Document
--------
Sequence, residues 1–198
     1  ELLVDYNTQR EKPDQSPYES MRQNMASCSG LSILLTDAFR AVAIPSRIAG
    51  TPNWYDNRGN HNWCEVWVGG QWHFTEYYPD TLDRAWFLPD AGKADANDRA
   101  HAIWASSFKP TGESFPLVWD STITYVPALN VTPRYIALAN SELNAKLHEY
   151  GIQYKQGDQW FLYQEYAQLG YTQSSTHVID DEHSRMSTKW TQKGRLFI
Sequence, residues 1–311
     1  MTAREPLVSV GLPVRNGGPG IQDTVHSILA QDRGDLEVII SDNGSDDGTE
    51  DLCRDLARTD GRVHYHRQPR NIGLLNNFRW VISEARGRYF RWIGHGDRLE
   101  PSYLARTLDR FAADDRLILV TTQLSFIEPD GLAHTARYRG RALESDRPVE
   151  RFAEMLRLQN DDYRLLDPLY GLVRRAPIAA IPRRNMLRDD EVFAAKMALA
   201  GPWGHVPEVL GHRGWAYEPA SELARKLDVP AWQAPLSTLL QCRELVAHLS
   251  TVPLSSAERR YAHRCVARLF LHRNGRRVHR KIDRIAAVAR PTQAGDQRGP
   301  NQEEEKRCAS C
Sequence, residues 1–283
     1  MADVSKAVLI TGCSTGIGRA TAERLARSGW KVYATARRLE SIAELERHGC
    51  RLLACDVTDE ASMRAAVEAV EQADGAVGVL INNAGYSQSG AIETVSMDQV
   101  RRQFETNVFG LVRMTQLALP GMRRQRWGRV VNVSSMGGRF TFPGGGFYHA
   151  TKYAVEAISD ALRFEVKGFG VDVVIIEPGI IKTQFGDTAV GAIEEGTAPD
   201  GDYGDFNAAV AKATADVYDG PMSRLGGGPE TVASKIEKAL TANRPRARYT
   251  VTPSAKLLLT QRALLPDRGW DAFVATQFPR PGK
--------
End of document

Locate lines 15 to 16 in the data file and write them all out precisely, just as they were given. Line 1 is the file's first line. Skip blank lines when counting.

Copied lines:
     1  MADVSKAVLI TGCSTGIGRA TAERLARSGW KVYATARRLE SIAELERHGC
    51  RLLACDVTDE ASMRAAVEAV EQADGAVGVL INNAGYSQSG AIETVSMDQV